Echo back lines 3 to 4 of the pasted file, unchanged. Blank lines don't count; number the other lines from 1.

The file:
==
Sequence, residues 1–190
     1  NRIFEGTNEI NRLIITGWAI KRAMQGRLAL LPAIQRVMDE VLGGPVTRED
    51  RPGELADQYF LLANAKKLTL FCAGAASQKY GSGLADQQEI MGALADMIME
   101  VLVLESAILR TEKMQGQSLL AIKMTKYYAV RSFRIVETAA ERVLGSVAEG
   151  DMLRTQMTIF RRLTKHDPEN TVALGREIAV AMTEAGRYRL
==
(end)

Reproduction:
    51  RPGELADQYF LLANAKKLTL FCAGAASQKY GSGLADQQEI MGALADMIME
   101  VLVLESAILR TEKMQGQSLL AIKMTKYYAV RSFRIVETAA ERVLGSVAEG